Posted on March 24, 2015 * Comments

While discussion of Israeli elections has largely (and reasonably) focused on the different parties’ views on the occupation of Palestine and the prospect of war with Iran, the ongoing effort to craft a coalition government may carry risks for science education, too.

Posted on March 23, 2015 * Comments

It’s getting harder and harder to come up with new misconceptions to cover here. Not because there aren’t more out there, but because misconceptions about evolution overlap significantly and we’ve covered enough of them now that finding one in virgin territory is getting more and more difficult. As a result, I’m looking everywhere for inspiration. At lunch last week, I found some—two young mothers in an adjacent table were discussing their children’s eye color. Where did the baby get her blue eyes? one wondered. The other said that she thought she remembered from school that if one parent has brown eyes and one has blue eyes, the children should all have green eyes, not blue, so they declared it a mystery. I looked despairingly at my husband, but he whispered to me, “just eat your food.”


Posted on March 23, 2015 * Comments

As I write this post on Friday, March 20, the NCAA Men’s Basketball Tournament is in full swing. Like most everyone else who filled out a bracket, mine was already thoroughly busted yesterday, when two 3-seeds (Iowa State and Baylor) were beaten by 14-seeds (University of Alabama Birmingham and Georgia State).

Posted on March 17, 2015 * Comments

I made my second trip out to NCSE HQ a couple of weeks ago. In addition to basking in the 70° sunshine, the trip was fabulous because it yielded some new ideas and exciting discussions. No details yet, but watch this space—things are going to get awesomer (yep, that’s a word—or it is now).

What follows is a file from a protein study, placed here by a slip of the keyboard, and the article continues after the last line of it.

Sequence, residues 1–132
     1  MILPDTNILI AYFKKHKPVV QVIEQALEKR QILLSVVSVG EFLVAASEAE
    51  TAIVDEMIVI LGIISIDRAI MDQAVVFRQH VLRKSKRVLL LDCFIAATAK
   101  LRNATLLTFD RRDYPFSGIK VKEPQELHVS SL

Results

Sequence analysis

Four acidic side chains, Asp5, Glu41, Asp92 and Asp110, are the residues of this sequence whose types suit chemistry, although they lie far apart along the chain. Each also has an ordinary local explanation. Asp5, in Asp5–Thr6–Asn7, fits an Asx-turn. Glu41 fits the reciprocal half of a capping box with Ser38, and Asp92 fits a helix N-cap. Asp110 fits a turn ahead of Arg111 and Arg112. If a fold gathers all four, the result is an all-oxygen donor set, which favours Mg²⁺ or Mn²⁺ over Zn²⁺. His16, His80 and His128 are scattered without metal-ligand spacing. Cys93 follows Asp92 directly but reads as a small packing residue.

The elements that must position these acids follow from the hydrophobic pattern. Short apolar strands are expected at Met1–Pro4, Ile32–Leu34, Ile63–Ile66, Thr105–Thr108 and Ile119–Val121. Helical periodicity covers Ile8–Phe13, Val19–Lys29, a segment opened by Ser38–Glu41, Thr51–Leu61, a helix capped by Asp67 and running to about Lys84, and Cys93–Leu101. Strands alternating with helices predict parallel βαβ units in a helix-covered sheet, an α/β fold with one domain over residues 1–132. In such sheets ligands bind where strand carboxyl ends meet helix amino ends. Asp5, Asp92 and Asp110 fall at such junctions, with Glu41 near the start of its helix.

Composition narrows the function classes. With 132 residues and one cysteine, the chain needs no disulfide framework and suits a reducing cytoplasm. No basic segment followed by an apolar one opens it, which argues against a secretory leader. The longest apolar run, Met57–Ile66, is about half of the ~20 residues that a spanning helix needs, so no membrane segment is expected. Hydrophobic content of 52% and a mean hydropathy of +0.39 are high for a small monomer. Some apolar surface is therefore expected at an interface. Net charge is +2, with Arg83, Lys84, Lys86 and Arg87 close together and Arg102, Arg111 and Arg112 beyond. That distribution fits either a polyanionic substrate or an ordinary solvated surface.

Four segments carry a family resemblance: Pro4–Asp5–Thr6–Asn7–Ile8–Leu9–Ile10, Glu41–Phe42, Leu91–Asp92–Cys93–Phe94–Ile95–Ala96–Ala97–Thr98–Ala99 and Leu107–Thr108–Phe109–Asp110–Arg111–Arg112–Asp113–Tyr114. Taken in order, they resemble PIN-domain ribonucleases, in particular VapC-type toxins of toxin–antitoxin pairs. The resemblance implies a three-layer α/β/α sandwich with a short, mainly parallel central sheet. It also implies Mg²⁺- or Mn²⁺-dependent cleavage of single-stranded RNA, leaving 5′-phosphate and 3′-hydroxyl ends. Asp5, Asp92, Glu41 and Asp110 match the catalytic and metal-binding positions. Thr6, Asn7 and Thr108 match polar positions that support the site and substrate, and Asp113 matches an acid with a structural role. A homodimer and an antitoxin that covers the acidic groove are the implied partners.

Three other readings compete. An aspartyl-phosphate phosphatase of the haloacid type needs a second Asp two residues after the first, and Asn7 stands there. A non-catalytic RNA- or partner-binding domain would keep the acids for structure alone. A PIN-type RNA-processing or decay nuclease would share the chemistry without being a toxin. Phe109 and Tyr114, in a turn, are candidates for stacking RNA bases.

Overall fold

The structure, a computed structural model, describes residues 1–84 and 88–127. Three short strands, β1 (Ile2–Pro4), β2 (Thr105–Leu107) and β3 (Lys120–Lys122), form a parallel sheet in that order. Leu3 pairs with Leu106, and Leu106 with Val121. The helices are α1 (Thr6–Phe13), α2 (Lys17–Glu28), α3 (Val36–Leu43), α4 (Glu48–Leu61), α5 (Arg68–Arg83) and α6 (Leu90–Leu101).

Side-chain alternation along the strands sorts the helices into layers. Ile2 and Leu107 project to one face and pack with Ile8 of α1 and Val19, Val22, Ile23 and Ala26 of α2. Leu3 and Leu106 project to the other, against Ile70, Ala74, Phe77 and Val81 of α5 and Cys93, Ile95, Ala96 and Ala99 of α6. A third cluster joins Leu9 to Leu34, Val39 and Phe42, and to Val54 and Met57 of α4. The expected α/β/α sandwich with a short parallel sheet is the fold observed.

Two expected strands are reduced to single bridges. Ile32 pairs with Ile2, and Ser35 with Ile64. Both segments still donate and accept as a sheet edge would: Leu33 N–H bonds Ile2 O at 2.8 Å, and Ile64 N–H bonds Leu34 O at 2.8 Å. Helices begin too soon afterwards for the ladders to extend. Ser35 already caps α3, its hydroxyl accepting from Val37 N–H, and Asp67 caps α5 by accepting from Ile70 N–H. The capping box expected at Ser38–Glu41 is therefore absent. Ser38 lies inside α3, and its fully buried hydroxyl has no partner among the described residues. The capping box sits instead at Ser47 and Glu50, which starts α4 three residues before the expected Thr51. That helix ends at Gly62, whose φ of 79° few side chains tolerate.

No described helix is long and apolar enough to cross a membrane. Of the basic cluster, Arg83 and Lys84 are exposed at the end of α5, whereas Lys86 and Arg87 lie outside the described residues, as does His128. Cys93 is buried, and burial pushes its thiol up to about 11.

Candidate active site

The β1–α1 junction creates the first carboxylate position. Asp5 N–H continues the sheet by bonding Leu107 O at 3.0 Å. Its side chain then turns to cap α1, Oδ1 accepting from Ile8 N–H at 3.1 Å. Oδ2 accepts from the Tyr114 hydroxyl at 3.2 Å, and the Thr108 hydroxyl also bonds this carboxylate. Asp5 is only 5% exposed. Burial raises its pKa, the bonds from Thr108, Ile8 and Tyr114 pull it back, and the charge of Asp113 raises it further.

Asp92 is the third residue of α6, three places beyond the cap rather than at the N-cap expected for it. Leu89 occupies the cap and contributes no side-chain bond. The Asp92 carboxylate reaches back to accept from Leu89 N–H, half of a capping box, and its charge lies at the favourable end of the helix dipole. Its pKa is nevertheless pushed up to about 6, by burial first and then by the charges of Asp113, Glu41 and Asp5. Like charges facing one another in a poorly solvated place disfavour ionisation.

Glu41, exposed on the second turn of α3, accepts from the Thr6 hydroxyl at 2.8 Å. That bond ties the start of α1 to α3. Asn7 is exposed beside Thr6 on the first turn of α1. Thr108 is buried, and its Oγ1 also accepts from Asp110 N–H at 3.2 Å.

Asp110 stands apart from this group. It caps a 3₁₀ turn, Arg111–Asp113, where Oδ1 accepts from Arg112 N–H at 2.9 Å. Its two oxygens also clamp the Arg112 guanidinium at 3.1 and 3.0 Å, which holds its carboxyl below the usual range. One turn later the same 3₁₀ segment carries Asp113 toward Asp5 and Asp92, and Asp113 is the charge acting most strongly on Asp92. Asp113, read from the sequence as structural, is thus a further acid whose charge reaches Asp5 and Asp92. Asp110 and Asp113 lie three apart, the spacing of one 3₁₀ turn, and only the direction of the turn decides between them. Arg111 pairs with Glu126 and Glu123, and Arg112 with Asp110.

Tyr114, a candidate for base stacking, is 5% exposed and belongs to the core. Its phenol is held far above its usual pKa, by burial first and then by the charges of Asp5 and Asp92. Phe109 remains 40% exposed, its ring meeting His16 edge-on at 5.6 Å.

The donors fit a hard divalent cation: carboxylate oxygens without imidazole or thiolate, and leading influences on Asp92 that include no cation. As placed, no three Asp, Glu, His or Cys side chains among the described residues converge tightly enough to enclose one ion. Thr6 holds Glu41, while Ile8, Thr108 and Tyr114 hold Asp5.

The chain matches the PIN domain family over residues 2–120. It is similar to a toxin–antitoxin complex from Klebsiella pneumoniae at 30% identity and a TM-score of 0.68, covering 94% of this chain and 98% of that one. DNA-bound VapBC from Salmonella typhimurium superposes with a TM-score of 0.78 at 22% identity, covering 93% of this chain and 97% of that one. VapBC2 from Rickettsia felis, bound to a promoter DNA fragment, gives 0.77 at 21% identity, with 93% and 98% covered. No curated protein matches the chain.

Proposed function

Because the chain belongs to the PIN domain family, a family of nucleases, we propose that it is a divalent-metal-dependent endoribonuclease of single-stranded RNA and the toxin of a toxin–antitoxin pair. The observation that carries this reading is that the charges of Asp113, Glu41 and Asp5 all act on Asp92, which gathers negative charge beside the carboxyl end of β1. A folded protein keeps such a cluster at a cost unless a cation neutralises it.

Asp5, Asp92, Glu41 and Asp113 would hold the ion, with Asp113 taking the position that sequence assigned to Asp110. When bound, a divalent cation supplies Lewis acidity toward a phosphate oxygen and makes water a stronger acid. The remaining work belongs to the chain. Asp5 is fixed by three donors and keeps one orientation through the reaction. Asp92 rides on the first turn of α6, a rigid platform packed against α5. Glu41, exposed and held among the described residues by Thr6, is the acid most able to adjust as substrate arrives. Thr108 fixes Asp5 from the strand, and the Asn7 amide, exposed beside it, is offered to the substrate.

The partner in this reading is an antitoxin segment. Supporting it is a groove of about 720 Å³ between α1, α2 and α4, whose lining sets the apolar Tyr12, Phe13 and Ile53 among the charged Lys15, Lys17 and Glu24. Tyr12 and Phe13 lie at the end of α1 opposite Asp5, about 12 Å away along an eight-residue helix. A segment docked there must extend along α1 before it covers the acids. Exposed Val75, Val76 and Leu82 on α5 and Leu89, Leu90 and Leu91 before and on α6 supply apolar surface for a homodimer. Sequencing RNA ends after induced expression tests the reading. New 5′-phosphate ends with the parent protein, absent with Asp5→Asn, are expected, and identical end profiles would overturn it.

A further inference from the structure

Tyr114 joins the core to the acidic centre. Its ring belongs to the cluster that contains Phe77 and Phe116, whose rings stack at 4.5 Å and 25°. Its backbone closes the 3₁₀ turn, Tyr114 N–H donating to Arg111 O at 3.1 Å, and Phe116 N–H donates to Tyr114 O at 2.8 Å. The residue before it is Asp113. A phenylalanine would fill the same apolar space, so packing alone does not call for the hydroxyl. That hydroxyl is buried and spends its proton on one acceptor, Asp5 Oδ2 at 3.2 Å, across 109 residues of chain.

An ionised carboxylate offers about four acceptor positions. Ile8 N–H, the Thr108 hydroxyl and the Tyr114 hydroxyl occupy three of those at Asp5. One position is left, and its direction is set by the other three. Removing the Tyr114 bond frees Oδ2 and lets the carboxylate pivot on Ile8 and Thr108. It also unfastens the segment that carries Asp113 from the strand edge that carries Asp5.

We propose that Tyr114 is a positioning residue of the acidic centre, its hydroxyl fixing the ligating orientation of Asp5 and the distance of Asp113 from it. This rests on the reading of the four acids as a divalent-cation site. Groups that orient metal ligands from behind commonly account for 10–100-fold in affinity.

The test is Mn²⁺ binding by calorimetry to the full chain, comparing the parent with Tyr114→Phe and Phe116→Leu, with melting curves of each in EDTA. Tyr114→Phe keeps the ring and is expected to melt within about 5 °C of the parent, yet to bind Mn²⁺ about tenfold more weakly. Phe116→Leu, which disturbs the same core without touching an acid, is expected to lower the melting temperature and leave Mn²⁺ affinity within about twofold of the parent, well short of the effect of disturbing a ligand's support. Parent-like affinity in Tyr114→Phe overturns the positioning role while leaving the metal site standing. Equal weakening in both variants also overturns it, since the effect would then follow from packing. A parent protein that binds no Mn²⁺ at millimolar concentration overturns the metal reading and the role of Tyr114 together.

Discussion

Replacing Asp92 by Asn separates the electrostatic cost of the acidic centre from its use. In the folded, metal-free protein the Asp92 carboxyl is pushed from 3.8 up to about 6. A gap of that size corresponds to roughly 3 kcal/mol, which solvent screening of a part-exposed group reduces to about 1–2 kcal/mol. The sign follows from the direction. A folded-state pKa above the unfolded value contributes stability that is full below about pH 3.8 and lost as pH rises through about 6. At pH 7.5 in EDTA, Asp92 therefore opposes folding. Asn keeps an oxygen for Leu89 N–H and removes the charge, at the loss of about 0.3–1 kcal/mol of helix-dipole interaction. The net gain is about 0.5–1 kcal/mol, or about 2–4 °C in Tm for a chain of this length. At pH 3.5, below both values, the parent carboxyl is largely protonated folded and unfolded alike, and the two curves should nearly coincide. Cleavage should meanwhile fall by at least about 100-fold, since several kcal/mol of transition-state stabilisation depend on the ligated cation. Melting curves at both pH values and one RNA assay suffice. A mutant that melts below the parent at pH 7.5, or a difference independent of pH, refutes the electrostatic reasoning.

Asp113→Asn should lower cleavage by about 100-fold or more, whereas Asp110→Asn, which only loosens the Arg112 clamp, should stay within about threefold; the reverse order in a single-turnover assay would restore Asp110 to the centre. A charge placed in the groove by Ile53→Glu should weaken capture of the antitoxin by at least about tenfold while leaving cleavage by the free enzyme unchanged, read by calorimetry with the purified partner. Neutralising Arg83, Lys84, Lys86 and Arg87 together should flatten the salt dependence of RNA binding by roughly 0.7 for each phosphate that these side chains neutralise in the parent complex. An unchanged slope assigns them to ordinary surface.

Posted on March 11, 2015 * Comments

orwell big brotherFlorida has banned the phrase “climate change,” at least as far as the staff of the state’s environmental agency are concerned. Also “global warming.” And “sustainability” is verboten, too, according to an investigative report in the Miami Herald

Posted on March 09, 2015 * Comments

Reports of a new human fossil circled the media last week. What was discovered? Why is it important? and Why should you care?

Interactive timeline of hominid evolution from from the Smithsonian human origins site. ©Smithsonian's Human Origins Program

Posted on March 05, 2015 * Comments

Jim Krupa is a professor of biology at the University of Kentucky (UK), member of the Kentucky Academy of Sciences, and 2012 recipient of the National Association of Biology Teachers Evolution Education award. During his 25 years at UK, he has taught more than 23,000 students and I think it’s safe to say that not a single one left his classroom without a solid grounding in the theory of evolution and its central role in biology.

Posted on March 02, 2015 * Comments

(MichaelZahniser - via Wikimedia Commons) In which the common wood frog launches us into a discussion about complexity: what is it, has it been increasing over evolutionary time, and if so... why?